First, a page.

mRNA Vaccines Against Parasites
The severe burden of parasitic infections is either not recognized or underestimated, as their co-existence with hosts for decades, forming chronic infections. It is believed that a quarter of the world's population is affected by parasitic infections, such as soil-transmitted helminths and schistosomes. The pathogenesis of parasitic infections is complex and various, traditional vaccine development against parasitic infections is limited due to a lack of thorough understanding. Parasitic infections often occur in tropical countries and mainly impact the poor in regions. Thus, the expense of traditional vaccine platforms might have little link to a traditional return on investment. The mRNA-based technology as a novel and attractive platform is suitable for developing vaccines against parasitic infections. Here, we will give an introduction of the synthesis mRNA as a novel generation of a preventive as well as therapeutic vaccine technology to combat parasitic infections.
Major advantages of the mRNA vaccine against parasitic infections
- Simple and low-cost production and development
The production and purification process of synthesis mRNA can be standardized. Therefore, the cost of production and purification step, as well as the development time for new vaccine candidates, can be dramatically reduced. mRNA vaccine is simple, low-cost, and can be produced in large scale, which is a crucial benefit, especially for people living in low-income countries.
- Safety Profile
Synthesis mRNA is degradable, with no risk for genetic integration as well as the risks associated with whole-cell pathogens.
- The potential to develop multivalent mRNA vaccines
mRNA vaccine can induce immunity to different epitopes from different targets, due to that several antigens can be engineered into an mRNA sequence. The development of multivalent mRNA vaccines can be applied for a pan-parasitic approach, creating a vaccine targeting multiple helminths.
- Strong cellular immune responses
mRNA vaccine has the capability to elicit strong immune responses. It has been demonstrated that mRNA vaccines can induce antigen-specific antibodies as well as strong CD8+ T cell responses. Among them, CD8+ T cell responses play crucial roles in targeting intracellular pathogens.
Enlisting mRNA vaccine platform to fight against parasitic diseases
mRNA vaccines against Toxoplasma Gondii (T. gondii) infection
Based on The Venezuelan equine encephalitis virus (VEEV) replicase proteins, researchers developed a hexaplex self-amplifying mRNA (SAM) vaccine encoding six T. gondii-specific antigens, involving rhoptry protein 2A (ROP2A), dense granule protein 6 (GRA6), rhoptry protein 18 (ROP18), surface antigen 1 (SAG1), apical membrane antigen 1 (AMA1), and surface antigen 2A (SAG2A). Delivered with modified dendrimer nanoparticles (MDNPs), this vaccine provides protection in mice from the lethal challenges of T. gondii Infection. In addition, another study developed a lipid nanoparticle (LNP)-SAM vaccine encoding T. gondii nucleoside triphosphate hydrolase-II (NTPase-II). A partial protective effect of reduced brain parasitic load and prolonged survival time was observed in murine models.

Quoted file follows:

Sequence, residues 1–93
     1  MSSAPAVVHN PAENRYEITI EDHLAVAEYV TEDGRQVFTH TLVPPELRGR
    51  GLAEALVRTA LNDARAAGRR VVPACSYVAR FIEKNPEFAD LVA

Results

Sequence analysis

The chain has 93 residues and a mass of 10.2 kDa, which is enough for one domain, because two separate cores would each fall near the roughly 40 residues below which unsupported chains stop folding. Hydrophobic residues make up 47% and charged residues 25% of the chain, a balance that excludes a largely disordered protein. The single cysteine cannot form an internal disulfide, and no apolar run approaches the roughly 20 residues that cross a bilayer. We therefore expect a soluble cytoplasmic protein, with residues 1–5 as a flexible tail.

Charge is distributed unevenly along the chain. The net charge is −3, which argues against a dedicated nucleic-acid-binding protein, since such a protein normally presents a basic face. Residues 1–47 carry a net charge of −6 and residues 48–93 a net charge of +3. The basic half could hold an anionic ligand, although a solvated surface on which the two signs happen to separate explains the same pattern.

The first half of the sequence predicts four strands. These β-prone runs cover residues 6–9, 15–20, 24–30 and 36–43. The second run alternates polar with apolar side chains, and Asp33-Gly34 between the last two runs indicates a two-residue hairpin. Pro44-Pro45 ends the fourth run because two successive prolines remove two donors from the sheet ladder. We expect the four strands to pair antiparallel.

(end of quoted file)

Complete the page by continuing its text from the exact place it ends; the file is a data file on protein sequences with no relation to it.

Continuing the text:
mRNA vaccines against Leishmania Donovani infection
A recent study demonstrated that a subunit vaccine strategy based on a heterologous mRNA can prevent Leishmania donovani infection. Researchers developed a naked mRNA replicon encoding for the LEISH-F2 gene. There was a significant reduction in the parasite burden in the liver when the mice were vaccinated with the F2-mRNA vaccine combined with the recombinant LEISH-F2 protein in glucopyranosyl lipid A in a stable oil-in-water emulsion (SLA-SE). Moreover, the successful heterologous vaccine strategy was characterized by the induction of antigen-specific Th1 responses and very strong IFN-Y secretion by splenocytes.
mRNA vaccines against Malaria infection
Besides, researchers have proved that the protective immunity of the self-amplifying mRNA vaccine encoding Plasmodium macrophage migration inhibitory factor (PMIF) against malaria infection. All studied Plasmodium species express PMIF, which is an orthologue of the mammalian macrophage migration inhibitory factor (MIF). The secretion of PMIF by Plasmodium can attenuate the host's immune response. In order to improve the immunity of the host, researchers vaccinated mice twice with a replicon encoding PMIF. The results showed that the mRNA vaccine delayed blood-stage patency after sporozoite infection. Additionally, both PMIF specific CD4+ cells and the anti-PMIF IgG titer were increased after vaccinations, which enhanced the control of parasites and completely protected from re-infection.
To further promote the development of mRNA vaccines against infectious diseases, Creative Biogene provides a range of customized and inventive solutions, involving the development of influenza mRNA vaccines, anti-parasite mRNA vaccines, mRNA vaccines against HIV as well as the global SARS-CoV-2 pandemic. We are committed to exerting the potential of synthetic mRNA as an important vaccine candidate for infectious diseases, hoping to meet our customers' specific requirements for projects at the preclinical stages. If you are interested in this area, please feel free to contact us. We look forward to providing services for your next project.
- Garcia, A. B.,et al. (2018). "Neutralization of the Plasmodium-encoded MIF ortholog confers protective immunity against malaria infection." Nature communications, 9(1), 1-13.
- Versteeg, L., et al. (2019). "Enlisting the mRNA vaccine platform to combat parasitic infections." Vaccines, 7(4), 122.